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Alessandro Paluzzi, Paul Gardner, Juan C. Fernandez-Miranda, Carlos D. Pinheiro-Neto, Tiago Fernando Scopel, Maria Koutourousiou and Carl H. Snyderman

endoscopic management of petrous apex cholesterol granuloma . Otolaryngol Head Neck Surg 114 : 91 – 94 , 1996 12 Jaberoo MC , Hassan A , Pulido MA , Saleh HA : Endoscopic endonasal approaches to management of cholesterol granuloma of the petrous apex . Skull Base 20 : 375 – 379 , 2010 13 Jackler RK , Cho M : A new theory to explain the genesis of petrous apex cholesterol granuloma . Otol Neurotol 24 : 96 – 106 , 2003 14 Jaramillo M , Windle-Taylor PCJ : Large cholesterol granuloma of the petrous apex treated via subcochlear

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Salvatore Di Maio, Luigi M. Cavallo, Felice Esposito, Vita Stagno, Olga Valeria Corriero and Paolo Cappabianca

experience with the extended endoscopic endonasal approach 4 to the planum sphenoidale and tuberculum sellae, 3 , 11 , 22 we have begun to widen our surgical indications to include the above-mentioned selected cases of pituitary adenomas. In this article we present our preliminary results with the extended endonasal approach in the management of pituitary adenomas. Methods Study Design This study is a retrospective outcome review of pituitary adenomas removed via an extended endoscopic endonasal approach tailored to the suprasellar area. Selection criteria

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Brett E. Youngerman, Matei A. Banu, Mina M. Gerges, Eseosa Odigie, Abtin Tabaee, Ashutosh Kacker, Vijay K. Anand and Theodore H. Schwartz

–5 However, endoscopic endonasal approaches (EEAs) offer several potential advantages including direct access to the tumor’s meningeal origin, adjacent invaded bone, and blood supply, as well as visualization of the medial optic canal, medial paraclinoid ICA, and diaphragma sellae, with minimal retraction of the frontal lobes and optic apparatus. With experience and technical advances, EEAs can achieve comparable rates of gross-total resection (GTR) with better postoperative visual outcomes compared to TCAs. 6–11 Using closure techniques such as the nasoseptal flap and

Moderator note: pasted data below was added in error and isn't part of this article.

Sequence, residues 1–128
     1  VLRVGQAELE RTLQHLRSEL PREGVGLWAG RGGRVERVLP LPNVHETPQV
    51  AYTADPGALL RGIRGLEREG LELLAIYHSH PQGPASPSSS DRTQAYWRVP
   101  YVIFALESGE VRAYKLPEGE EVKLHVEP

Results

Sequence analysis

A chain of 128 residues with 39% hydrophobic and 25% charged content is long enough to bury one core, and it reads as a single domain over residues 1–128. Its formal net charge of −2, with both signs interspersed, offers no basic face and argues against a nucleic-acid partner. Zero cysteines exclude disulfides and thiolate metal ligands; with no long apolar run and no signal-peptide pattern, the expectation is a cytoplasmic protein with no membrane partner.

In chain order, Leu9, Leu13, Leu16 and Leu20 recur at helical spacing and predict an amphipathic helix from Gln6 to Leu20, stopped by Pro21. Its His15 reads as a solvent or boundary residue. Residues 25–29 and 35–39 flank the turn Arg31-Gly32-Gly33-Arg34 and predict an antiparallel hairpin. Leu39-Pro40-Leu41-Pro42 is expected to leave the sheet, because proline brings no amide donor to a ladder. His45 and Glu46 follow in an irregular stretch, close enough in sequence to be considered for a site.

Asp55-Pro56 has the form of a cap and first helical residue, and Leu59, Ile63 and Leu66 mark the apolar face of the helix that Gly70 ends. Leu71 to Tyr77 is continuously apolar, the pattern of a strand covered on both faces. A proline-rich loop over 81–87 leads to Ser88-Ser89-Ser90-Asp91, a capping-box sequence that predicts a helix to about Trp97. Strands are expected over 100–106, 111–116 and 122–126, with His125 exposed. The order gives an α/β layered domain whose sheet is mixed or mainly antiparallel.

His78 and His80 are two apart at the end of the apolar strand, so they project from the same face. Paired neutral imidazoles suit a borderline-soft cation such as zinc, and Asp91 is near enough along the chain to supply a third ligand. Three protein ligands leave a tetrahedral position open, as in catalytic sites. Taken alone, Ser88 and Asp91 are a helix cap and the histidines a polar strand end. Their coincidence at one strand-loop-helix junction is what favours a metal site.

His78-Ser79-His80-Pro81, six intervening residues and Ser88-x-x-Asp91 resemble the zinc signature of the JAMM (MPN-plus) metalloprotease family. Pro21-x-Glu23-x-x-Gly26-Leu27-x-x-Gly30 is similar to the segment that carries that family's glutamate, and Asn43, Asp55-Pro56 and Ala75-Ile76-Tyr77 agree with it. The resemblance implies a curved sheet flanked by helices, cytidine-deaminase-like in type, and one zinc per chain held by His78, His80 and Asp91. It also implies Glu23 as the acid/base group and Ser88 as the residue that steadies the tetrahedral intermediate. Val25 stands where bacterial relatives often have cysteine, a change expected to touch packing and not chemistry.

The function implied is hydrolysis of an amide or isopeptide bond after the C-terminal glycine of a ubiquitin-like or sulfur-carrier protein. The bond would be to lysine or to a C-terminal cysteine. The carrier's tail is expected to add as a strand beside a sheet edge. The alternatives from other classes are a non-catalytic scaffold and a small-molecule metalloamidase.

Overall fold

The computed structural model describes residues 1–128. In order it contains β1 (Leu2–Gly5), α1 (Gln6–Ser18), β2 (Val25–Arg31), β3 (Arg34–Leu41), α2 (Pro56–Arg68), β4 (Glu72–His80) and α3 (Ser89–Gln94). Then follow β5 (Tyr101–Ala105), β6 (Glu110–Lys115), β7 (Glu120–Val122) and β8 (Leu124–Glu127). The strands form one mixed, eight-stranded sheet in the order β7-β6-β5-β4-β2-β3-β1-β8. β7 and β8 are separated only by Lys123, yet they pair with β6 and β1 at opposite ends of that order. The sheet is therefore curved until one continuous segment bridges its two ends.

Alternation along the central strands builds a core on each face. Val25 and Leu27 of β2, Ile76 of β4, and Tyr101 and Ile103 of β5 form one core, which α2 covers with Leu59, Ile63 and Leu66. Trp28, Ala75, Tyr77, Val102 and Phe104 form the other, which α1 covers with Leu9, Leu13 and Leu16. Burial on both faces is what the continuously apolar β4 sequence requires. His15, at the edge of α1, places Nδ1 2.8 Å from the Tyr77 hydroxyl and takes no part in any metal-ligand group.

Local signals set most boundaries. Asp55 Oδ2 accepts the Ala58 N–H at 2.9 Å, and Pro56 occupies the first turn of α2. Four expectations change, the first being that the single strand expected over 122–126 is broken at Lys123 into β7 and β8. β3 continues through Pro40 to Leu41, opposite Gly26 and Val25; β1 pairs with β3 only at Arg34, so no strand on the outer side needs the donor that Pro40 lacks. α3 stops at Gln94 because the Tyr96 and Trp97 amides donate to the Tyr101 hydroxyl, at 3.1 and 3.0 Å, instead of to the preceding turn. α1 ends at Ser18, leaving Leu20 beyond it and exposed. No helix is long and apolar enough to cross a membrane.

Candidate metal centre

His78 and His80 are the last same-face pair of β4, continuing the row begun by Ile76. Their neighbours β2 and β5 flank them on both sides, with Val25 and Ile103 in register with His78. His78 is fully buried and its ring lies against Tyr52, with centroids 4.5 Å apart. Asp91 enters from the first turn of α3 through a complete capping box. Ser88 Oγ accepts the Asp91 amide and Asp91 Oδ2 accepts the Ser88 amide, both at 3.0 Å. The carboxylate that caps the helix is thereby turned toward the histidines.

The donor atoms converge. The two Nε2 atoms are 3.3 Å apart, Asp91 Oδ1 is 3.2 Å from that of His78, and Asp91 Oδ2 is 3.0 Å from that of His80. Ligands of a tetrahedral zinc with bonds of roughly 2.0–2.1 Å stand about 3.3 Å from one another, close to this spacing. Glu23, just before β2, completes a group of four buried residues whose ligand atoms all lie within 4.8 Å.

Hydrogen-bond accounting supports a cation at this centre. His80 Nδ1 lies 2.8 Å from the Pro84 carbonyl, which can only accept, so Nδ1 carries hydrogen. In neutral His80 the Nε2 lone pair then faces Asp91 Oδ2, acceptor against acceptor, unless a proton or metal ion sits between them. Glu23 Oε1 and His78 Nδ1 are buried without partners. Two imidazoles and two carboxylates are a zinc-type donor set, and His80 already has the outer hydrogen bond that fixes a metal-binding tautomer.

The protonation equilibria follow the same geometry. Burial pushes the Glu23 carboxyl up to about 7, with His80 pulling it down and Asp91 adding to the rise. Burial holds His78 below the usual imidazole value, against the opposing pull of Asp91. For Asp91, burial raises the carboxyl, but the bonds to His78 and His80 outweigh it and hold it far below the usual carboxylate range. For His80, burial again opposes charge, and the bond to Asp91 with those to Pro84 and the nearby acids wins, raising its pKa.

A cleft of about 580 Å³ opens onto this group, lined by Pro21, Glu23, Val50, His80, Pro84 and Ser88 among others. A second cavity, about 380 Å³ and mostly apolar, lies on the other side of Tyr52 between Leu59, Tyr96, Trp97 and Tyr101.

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Matteo Zoli, Diego Mazzatenta, Adelaide Valluzzi, Gianluca Marucci, Ph.D., Nicola Acciarri, Ernesto Pasquini and Giorgio Frank

I n the last decade the indications for the endoscopic endonasal approach have been progressively expanded to include routine resection not only of intracranial extradural lesions such as pituitary adenomas, but also of intradural lesions such as meningiomas and craniopharyngiomas. 5 , 6 , 8 , 14 , 23 , 24 , 29 There are few reports on the utilization of the endoscopic endonasal route for intraparenchymal tumors such as hypothalamic gliomas, which are traditionally approached through various transcranial routes (pterional subfrontal, transcortical, or

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Shaan M. Raza, Angela M. Donaldson, Alpesh Mehta, Apostolos J. Tsiouris, Vijay K. Anand and Theodore H. Schwartz

the senior authors (T.H.S. and V.K.A.) at Weill Cornell Medical College, Sackler Brain and Spine Center, and NewYork-Presbyterian Hospital. We were interested in only those patients who had undergone pure endoscopic endonasal approaches for planned, single-stage gross-total resection of trigeminal schwannomas. Once patients were selected based on this criterion, we performed a retrospective chart review of hospital and office records for the remaining pre-, intra-, and postoperative treatment-related parameters. Particular attention was paid to pre- and